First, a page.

Ellen has her issues. Born Sue Ellen and named after a TV character, she has just lost her mother and no one seems to care about her. Her only friend is Scarlett that she knew from school who has done rather well for herself as she knew she would and Ellen has no chance of stepping into her shoes.
When she meets someone from work in the pub he persuades her to go back to his to listen to their band video. What transpires is something she never would have thought in a million years or would she?
Meanwhile D.I. Barton becomes acting Chief Inspector, a role he finds doesn’t sit easily with him; being a hands on person he finds it hard to delegate. Coupled with the fact that two of his team are about to sit their inspector’s exams.
Three bodies are found in a run down house, each with a potential weapon by them. A tall man was seen leaving the building however things don’t quite add up and the hunt is on for a potential murderer. As the murders begin to pile up with seemingly no witnesses or motives the team find their hands full.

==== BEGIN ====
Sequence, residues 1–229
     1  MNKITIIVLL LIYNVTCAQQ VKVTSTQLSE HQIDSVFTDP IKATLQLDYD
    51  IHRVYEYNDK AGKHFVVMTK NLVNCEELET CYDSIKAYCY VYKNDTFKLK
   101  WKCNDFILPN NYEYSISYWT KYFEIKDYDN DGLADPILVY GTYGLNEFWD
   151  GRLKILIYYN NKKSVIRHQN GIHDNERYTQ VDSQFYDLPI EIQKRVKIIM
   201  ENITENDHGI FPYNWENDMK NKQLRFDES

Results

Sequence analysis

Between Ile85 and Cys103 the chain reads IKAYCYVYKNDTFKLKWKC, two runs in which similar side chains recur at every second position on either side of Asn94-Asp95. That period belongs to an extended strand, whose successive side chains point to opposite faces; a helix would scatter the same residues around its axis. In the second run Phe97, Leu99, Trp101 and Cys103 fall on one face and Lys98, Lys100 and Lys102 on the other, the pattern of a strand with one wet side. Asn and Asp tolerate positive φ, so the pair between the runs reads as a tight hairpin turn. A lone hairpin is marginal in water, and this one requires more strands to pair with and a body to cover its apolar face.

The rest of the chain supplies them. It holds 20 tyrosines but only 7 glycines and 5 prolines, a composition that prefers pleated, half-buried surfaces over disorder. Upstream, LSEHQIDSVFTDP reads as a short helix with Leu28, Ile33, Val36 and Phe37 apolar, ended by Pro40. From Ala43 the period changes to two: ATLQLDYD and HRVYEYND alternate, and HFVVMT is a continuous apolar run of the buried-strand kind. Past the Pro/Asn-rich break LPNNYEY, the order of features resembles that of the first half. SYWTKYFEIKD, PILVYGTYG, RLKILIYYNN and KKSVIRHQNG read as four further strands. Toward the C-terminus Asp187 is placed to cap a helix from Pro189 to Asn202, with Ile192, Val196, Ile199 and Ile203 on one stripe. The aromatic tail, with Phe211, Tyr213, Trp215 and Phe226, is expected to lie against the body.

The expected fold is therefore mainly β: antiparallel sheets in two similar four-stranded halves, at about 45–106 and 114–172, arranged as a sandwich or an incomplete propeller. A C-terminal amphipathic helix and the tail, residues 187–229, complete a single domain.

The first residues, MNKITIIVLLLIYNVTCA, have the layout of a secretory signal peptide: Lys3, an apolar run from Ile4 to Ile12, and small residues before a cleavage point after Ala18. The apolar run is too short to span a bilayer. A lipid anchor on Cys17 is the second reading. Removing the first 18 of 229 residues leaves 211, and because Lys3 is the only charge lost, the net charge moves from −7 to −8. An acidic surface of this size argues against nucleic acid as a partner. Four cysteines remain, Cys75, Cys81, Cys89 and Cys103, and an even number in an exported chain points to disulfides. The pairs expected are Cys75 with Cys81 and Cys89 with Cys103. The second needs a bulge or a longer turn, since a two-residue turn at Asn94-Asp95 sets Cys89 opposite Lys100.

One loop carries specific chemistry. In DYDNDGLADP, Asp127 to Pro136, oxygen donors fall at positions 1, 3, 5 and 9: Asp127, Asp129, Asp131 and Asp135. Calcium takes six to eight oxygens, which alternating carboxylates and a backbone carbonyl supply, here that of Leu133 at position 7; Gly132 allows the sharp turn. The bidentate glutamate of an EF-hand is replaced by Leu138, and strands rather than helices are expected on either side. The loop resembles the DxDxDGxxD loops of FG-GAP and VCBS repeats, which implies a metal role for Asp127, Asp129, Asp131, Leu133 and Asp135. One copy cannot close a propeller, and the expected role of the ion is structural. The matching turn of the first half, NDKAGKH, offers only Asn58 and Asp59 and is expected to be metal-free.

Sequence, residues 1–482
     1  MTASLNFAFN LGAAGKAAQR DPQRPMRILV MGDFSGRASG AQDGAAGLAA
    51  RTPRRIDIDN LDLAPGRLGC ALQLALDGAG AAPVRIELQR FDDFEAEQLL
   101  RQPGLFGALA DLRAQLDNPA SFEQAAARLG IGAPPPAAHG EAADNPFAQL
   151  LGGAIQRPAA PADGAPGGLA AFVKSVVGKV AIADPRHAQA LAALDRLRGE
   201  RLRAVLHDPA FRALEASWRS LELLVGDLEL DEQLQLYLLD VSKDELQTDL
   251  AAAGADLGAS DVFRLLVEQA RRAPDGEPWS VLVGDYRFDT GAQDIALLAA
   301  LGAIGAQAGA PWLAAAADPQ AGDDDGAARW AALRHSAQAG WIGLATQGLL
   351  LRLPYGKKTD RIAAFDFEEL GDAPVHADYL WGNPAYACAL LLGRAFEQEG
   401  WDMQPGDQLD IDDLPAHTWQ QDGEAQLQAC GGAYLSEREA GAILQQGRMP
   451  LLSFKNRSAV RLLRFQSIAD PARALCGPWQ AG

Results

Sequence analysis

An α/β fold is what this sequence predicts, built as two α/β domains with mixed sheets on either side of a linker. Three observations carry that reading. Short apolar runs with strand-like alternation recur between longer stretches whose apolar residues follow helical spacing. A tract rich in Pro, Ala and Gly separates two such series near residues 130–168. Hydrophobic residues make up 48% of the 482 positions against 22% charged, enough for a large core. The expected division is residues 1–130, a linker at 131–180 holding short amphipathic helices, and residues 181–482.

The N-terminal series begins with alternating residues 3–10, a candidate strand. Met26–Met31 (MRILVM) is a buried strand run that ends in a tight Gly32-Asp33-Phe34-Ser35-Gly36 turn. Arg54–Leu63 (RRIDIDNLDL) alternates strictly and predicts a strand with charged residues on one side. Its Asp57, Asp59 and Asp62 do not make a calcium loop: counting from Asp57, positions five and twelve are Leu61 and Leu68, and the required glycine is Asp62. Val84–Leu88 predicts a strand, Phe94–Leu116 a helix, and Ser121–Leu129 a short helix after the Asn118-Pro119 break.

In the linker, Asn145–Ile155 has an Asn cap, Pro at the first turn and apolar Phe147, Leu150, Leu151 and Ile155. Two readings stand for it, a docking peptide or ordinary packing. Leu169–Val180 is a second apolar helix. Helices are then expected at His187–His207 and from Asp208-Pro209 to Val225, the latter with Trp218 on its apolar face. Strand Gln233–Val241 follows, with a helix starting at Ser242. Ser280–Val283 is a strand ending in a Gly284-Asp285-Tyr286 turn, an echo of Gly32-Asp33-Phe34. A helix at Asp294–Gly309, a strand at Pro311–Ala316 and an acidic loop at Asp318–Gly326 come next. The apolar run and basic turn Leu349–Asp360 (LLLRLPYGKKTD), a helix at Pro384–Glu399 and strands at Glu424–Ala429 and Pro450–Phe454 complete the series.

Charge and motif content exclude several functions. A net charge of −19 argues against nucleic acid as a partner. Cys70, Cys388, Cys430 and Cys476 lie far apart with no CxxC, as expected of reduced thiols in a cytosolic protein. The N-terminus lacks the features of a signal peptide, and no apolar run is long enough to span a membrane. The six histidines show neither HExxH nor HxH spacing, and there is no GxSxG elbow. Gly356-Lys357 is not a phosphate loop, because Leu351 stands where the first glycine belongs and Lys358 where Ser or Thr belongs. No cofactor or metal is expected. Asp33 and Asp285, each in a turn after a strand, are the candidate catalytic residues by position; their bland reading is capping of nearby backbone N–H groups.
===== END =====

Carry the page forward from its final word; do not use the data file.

I enjoyed this – it was slightly different from the norm as we know from the beginning who the perpetrator is (or do we?) and some is written in the first person from Ellen’s side of things. A very cleverly written well thought out plot with twists and turns along the way. It’s almost a hybrid psychological thriller/ crime book in how the story pans out. A brilliant read that is gripping and gritty
A great book three in the Killer trilogy and I would recommend it!
I was born in 1973 in Peterborough and lived there until I was 20, attending The King’s School in the city. I then began a rather nomadic existence, living and working all over the country and various parts of the world.
I found myself returning to Peterborough many times over the years, usually when things had gone wrong. It was on one of these occasions that I met my partner about 100 metres from my back door whilst walking a dog. Two children swiftly followed. I’m still a little stunned by the pace of it now.